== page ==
The final part of the workshop covered how to conduct a lake screening survey and use helpful tools. A screening survey consists of people who have had training to identify invasive aquatic plants.  Participants choose or are assigned an area on the lake to watch for suspicious plants.  Once a year they report their findings to the lead supervisor.  A survey can take place anytime during the year you can get out on the water. The best time to do a survey is between mid-July to early fall because plants are in bloom.

To become a “screener” you need to be trained.  Trainings can be a six-hour Invasive Plant 101 workshop, or three-hour Invasive Plant Paddle; both are offered by the Lake Stewards of Maine. A third option is an Invasive Plant Paddle offered by a trained local resident.

If you are interested in becoming part of the screening survey team contact Elaine Philbrook at esphilbrook@gmail.com.   The goal of the China Lake Association is to have enough trained people available to develop a screening survey team that will continuously monitor the China Lake.

CRLA Youth Corps installs rock ramp on White House Road bridge

Submitted by Frank Richards,
President, Webber Pond Association

Since approximately 2010, the China Region Lakes Alliance, the Three Mile Pond Association, and the Maine Department of Marine Resources have been slowly improving fish passage on Seaward Mills Stream, which connects Three Mile and Webber ponds.

This year the Youth Conservation Corps installed a rock ramp at the old cement culvert on the White House Road to help sea-run alewives, navigate the “lip,” when they return from the ocean to spawn in May. However, it will help all species move in and out of the pond, particularly trout in the spring and bass during the summer.

White House Road bridge before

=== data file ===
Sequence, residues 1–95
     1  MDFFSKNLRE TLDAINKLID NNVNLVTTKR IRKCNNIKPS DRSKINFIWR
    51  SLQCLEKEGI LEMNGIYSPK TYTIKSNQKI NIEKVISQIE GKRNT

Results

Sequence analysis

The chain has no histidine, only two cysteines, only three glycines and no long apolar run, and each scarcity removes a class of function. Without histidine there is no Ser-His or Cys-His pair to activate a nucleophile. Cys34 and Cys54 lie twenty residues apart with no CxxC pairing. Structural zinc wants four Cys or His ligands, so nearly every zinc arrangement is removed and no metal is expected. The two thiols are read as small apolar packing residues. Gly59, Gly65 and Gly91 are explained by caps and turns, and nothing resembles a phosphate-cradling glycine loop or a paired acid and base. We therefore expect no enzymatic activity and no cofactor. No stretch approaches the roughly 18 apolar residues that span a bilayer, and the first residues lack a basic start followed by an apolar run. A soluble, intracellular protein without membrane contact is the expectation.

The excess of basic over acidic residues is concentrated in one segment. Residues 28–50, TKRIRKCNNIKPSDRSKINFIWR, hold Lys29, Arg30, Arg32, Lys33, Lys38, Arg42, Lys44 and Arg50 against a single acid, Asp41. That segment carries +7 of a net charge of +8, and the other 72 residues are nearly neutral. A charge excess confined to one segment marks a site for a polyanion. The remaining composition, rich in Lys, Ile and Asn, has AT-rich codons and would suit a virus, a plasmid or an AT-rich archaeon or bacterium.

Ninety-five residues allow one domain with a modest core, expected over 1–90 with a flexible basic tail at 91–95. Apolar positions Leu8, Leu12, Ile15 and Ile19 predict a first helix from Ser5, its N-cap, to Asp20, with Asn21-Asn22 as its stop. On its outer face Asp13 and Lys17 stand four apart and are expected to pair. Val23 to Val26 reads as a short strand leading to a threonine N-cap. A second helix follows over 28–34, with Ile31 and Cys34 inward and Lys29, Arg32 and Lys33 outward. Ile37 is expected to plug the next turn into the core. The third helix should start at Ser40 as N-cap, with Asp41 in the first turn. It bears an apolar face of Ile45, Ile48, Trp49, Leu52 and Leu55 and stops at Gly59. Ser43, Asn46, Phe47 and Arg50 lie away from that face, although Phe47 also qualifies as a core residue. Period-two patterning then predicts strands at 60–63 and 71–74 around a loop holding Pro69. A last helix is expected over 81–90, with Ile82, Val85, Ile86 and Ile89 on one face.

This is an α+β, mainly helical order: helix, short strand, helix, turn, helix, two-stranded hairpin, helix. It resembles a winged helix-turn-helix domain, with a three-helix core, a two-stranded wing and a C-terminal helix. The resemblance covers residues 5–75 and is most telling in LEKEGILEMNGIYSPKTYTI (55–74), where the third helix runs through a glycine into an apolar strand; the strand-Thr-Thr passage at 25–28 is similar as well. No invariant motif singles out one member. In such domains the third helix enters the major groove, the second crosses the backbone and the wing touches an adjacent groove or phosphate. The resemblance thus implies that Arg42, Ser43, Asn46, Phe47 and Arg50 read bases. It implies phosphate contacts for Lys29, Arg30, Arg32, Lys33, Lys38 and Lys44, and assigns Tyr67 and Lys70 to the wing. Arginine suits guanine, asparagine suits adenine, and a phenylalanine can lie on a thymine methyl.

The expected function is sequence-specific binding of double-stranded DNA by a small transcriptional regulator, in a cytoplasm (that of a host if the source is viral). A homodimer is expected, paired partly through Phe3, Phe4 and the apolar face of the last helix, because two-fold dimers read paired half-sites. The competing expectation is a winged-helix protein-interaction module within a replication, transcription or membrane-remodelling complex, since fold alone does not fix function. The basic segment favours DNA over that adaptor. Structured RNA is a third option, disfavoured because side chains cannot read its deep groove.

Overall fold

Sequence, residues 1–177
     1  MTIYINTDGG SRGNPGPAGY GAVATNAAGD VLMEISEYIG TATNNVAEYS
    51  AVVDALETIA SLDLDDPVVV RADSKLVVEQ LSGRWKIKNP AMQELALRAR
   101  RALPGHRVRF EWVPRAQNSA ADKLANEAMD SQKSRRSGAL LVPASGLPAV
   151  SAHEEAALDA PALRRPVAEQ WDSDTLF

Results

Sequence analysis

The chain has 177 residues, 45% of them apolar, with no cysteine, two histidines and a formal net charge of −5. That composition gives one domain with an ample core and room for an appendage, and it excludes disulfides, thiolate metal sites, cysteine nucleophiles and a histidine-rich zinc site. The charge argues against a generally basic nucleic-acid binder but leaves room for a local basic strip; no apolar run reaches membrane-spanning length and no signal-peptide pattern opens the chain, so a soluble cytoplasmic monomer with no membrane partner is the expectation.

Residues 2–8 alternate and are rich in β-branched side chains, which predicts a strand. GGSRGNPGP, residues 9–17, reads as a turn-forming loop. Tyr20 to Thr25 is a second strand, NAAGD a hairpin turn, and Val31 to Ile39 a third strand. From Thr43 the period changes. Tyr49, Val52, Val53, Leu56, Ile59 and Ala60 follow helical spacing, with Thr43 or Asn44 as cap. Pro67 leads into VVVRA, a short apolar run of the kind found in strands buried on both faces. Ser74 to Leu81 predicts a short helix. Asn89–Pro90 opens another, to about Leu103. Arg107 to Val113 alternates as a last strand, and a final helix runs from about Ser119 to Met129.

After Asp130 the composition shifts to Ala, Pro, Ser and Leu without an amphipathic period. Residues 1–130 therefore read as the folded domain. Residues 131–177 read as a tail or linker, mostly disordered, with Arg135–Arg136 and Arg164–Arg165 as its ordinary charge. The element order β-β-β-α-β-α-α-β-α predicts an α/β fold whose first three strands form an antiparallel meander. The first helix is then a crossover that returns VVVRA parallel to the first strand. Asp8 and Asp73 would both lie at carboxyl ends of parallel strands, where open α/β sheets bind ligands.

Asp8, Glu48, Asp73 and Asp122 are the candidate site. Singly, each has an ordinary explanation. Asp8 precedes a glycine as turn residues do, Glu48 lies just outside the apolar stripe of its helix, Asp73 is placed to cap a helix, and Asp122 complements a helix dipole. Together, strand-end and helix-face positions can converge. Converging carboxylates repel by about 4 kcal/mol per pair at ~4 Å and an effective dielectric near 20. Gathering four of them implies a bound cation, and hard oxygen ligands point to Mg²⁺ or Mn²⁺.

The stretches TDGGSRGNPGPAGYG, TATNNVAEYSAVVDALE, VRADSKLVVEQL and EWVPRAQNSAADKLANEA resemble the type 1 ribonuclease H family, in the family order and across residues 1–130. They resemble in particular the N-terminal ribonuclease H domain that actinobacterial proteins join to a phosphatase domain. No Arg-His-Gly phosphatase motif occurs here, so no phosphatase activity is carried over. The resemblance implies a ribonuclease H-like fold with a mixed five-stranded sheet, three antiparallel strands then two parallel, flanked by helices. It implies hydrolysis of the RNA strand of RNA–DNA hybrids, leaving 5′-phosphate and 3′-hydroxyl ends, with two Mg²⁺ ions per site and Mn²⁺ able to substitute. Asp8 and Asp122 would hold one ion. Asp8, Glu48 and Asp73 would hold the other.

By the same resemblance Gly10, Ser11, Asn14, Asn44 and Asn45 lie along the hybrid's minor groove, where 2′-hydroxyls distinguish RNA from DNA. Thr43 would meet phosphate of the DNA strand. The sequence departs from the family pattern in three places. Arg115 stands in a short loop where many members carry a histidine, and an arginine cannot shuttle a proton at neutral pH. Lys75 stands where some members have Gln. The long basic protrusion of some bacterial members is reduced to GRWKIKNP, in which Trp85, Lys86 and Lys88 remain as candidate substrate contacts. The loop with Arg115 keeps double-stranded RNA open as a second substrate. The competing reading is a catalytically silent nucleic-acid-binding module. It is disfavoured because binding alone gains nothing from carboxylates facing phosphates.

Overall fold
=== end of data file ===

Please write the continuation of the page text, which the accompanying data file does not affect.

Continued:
Before the ramp was installed.

The lip on the old cement culvert is over a foot deep, which is enough to totally stop fish passage at low flows. Rock ramps are one of the simplest and cheapest methods to fix a problem like that.

White House Road bridge after

After rock ramp was installed.

It took a morning to dump the rocks and arrange them as a ramp. Bigger rocks were carefully placed to establish current breaks, which will provide an easier entrance into the culvert for fish headed upstream to Three Mile Pond.

I’d like to encourage trout anglers to give this spot a try in late April and early May. Those breaks should provide an interesting fish holding area, when the water is higher. Access to the site is easy.

Next spring will bring a re-evaluation. Almost surely, adjustments will be needed. That’s the beauty of a small scale project. You can make continuous low cost improvements, until you get what you want.

Many people and organization worked on this. The Three Mile Pond Association provided the rocks, the Youth Conservation Corps provided the labor, China Region Lakes Alliance provided the permitting and the Department of Marine Resources provided the design.

Youth Conservation Corps and Department of Marine Resources

The combined crew (Youth Conservation Corps and Department of Marine Resources), taken a little after the work was finished. Please note future biologist John Gray in the center of the photo.
Photos courtesy of Frank Richards, President of Webber Pond Association.